Access requires communication. Removing the availability of taglines, translated documents, written access plans, and translation services directly prevents many people from knowing their rights and using services to which they are entitled. HHS has a mandate to provide the same level of care to anyone regardless of language and literacy. Without adequate translation services, people with limited English proficiency will face a barrier to access that English speakers do not. Reducing a person’s access to health services based solely on their skills is discrimination. As HHS has a responsibility to protect against discrimination based on national origin, it is obligated to compel healthcare providers to provide patients with the tools they need to communicate. These tools include adequate translation services, taglines, written access plans, and clear notices. No potential cost savings can justify HHS abdicating this responsibility.
This proposed change would hurt hundreds of thousands of Texans. Over 700,000 families in Texas have limited English proficiency. When a change in policy would impede access to care for over 700,000 families, including more than 400,000 children, it should not be implemented.
(3) Members of the LGBTQ+ community
HHS cites conflicting court decisions to justify potentially removing discrimination against “gender identity” from the definition of discromination against “sex” in Section 1557. These changes attempt to alter HHS regulations based solely on a preliminary injunction made in a U.S. District Court in 2017. That case remains undecided, as do several similar cases pending in the Supreme Court, so to make changes based on it would be premature. As a government agency, HHS is mandated to protect all those that access its services, regardless of sex and religion. By removing the specific reference to a marginalized community, HHS gives tacit permission to healthcare providers to discriminate against that community. Beliefs concluding that gender identity is not a part of “sex” are irrelevant to the determinations HHS must make. HHS must determine protections based on research and consideration of the communities that are most marginalized and at risk. There is a growing body of evidence that sex and gender identity are inextricably related to each other and gender-affirming healthcare is necessary, especially for gender diverse children. By removing the specific reference to a marginalized community, HHS gives tacit permission to healthcare providers to discriminate against that community.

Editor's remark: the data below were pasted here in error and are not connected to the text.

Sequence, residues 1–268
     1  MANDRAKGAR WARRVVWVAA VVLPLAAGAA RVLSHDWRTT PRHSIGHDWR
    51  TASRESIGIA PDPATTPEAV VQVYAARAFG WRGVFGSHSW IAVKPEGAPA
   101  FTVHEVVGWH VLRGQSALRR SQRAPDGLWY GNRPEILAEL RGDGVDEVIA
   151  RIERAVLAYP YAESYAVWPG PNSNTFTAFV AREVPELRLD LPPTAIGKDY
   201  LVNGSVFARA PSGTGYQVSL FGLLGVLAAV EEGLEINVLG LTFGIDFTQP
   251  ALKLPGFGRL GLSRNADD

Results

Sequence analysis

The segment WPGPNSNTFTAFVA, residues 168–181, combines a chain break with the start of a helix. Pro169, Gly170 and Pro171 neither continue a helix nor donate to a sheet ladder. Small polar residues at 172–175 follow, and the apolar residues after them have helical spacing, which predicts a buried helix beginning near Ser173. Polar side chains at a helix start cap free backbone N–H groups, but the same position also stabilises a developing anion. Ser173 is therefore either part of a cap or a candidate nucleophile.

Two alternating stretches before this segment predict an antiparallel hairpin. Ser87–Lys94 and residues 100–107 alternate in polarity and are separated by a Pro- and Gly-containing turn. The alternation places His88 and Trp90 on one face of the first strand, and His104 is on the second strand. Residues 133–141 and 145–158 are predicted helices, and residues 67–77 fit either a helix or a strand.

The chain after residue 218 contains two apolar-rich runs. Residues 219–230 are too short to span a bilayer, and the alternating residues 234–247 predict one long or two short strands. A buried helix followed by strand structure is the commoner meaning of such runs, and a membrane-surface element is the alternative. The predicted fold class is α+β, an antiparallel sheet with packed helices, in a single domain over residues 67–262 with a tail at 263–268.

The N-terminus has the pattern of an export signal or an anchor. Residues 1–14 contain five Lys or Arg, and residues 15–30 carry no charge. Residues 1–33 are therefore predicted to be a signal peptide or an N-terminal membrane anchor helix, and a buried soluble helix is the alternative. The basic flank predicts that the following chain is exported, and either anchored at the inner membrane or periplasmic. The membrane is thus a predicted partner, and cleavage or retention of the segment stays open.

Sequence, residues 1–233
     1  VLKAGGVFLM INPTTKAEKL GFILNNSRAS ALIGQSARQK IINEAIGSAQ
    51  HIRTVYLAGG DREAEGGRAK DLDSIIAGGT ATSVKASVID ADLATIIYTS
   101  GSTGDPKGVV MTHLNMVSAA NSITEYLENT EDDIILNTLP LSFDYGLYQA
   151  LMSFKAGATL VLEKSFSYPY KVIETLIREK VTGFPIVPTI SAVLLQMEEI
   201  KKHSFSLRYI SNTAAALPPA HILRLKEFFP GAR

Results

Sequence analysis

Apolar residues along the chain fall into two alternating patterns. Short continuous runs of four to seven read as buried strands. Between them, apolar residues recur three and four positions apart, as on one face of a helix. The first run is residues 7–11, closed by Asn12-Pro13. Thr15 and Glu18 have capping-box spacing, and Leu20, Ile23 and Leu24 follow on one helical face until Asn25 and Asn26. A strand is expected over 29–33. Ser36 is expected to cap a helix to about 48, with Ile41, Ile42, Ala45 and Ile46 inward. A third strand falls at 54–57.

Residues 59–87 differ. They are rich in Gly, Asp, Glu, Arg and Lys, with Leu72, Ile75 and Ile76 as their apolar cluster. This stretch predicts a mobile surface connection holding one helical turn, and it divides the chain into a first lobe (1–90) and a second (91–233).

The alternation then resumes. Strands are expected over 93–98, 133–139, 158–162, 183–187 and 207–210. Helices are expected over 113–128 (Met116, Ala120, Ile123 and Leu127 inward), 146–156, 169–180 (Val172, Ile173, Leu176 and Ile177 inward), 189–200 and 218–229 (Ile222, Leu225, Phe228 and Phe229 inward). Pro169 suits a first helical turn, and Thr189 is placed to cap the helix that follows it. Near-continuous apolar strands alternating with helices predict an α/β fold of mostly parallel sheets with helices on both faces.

This proposed change would have a significant effect in Texas. Over 4% of the population in Texas is LGBTQ+, with about 29% raising children. A significant number of Texans, including Texan children, would be harmed by the proposed rollback in their protections.
CDF-TX strongly urges HHS to not proceed with the proposed changes to Section 1557. Allowing discrimination based on reproductive needs due to religious beliefs, discimination based on nationality in order to save money, and discrimination based on gender identity due to conflict in definitions are all unacceptable of a government agency that should be protecting all people. HHS should not proceed with the proposed changes that would allow healthcare providers that benefit from government money to discriminate against anyone, for any reason. Furthermore, HHS’s aim of creating consistency within its regulations would not be achieved by the proposed changes. Instead, by allowing select health care providers to disregard protections of minority groups, HHS would effectively be creating conflicting regulations within the healthcare providers it finances. The United States is a diverse country that cannot ignore the healthcare needs of marginalized communities. As such, government agencies must protect all the people they serve, no matter their identity.